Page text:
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Old 04-07-2020, 12:25 AM
NonHyphenAmerican NonHyphenAmerican is offline
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Join Date: Dec 2011
Location: Hooterville in S.C. Kansas
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Quote:
Originally Posted by TRSOtto View Post
The OP boasted of having "a few hundred lbs" of silver. At current prices, that's about $45K worth of silver. But even today....after the worst market downturn of all time, silver is still off 66% from it's all time high, and down 22% over the past few weeks. I would offer that even under a complete and total collapse of the world's financial and currency system, silver is probably the last thing I'll be accepting in a trade for a can of beans.

You want beans....bring ammo..... LOL!!
Just a small correction.

Today, silver is $15.16 per toz. In June of 1979 it was $50.35 per toz.

So it's down 70%.

I watched it at $50.35 and saw it drop until it reached $3.88 per toz.

Most of what I have saved back averages to $4.50 per toz.

When it got back up to $45.83 in 2011, I had an old time customer who wanted to know if I thought it'd go higher.

I told him that as far as I was concerned, anytime Silver was higher than $11 - $17 per toz., it was a time to Sell, Sell, Sell.

He had 5,000 toz he wanted to see hit $50. Doesn't pay to get greedy.

But then I also know a guy who sent three "Contracts" of Silver down to Mexico to be refined down to .999+ when it was nearing $40 per toz and he didn't lock in the price. The Processor had a "Strike" and by the time they'd reopened, his three "Contracts" had dropped to $23 per troy oz. for a loss of $17 per toz.

A "Contract" was 50,000. So 150,000 x 17 per toz = $2.55 Million.

Doesn't pay to be greedy.

Oh, and just to add for those not familiar with Gold and Silver and Troy Measurements compared to "Average" or "Aver Du Pois" Measurement.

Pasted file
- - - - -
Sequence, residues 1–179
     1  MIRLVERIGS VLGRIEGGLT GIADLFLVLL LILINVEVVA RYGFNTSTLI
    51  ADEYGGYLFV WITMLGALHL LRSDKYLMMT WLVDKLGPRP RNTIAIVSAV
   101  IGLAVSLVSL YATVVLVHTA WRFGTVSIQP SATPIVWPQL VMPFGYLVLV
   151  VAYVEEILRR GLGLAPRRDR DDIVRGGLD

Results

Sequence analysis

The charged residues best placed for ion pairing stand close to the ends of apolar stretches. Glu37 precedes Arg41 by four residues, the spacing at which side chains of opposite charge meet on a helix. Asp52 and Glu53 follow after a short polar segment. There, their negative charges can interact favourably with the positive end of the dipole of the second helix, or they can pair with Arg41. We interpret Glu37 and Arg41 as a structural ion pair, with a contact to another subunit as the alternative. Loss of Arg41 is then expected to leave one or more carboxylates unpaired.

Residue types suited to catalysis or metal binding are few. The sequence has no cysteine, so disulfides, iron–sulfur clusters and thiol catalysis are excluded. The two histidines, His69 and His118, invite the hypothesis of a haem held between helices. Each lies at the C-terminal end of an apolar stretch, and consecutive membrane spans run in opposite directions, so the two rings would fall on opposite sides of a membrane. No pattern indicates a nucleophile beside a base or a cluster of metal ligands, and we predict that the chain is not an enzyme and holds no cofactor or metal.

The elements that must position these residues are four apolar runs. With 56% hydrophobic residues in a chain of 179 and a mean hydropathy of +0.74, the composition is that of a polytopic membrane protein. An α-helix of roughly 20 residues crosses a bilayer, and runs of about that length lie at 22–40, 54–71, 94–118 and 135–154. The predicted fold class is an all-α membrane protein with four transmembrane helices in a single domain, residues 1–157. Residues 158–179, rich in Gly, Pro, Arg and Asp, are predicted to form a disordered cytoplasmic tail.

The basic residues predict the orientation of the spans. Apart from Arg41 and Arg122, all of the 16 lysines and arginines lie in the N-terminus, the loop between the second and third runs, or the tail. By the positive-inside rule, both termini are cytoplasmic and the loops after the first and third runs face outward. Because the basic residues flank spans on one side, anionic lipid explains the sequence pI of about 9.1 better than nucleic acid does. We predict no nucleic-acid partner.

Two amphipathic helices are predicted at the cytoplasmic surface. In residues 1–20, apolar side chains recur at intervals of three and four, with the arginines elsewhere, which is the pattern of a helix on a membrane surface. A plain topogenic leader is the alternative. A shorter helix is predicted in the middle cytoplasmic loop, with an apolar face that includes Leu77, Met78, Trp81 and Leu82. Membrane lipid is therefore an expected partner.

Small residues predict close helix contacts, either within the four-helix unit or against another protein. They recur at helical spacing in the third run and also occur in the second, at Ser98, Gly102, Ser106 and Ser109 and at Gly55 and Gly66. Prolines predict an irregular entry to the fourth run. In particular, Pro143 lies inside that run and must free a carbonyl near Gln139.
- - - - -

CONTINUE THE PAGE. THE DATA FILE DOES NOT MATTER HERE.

16 oz to 1 average pound.

12 toz to 1 troy pound.

14.58 toz. = 1 16 oz. average pound.

An average oz is .911 of a troy ounce.

A troy ounce = 31.1 grams.

So if you have a 1 troy ounce silver medallion, it should weigh right at 480 grains on your scales.

The "Standard" for Gold and Silver for purity is 99.999+ % fine grade silver or gold. For some applications like Aerospace, it is 99.9999+% purity.
Commonly referred to as Three 9's or Four 9's and abbreviated with .999+ or .9999+

If your silver and gold isn't "Certified" with a commonly accepted Hallmark for purity of .999+ or .9999+, then it's difficult to sell as the purity and weights are suspect.

Englehardt Silver for one example in the late 1970's early 1980's took a real hit as there were crooks who'd taken 100 toz. bars, sliced them open lengthwise with a bandsaw, scooped/milled out silver and replaced it with the correct weight of lead, then soldered the two halves back together and put mill marks on the sides to imitate a "Pure" bar. It bankrupted Englehardt.

As late as 2011 I had people trying to sell 100 toz. Englehardt Bars, only to find that up to 60% of the silver had been adulterated.

IF you're going to buy Gold or Silver Bullion, then Minted Gold $50, $20, $10 and $5 and Minted Silver $1 coins are a good bet for being unadulterated.

If you're buying Gold or Silver "Bullion" then 1 troy oz or smaller are your best bet to avoid them being adulterated.

Most Legitimate Minting Operations have too much in their dies to mint adulterated coins. If the medallions are blurred or have irregular edges, off center, etc. They're highly suspect.
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Last edited by NonHyphenAmerican; 04-08-2020 at 12:16 AM.
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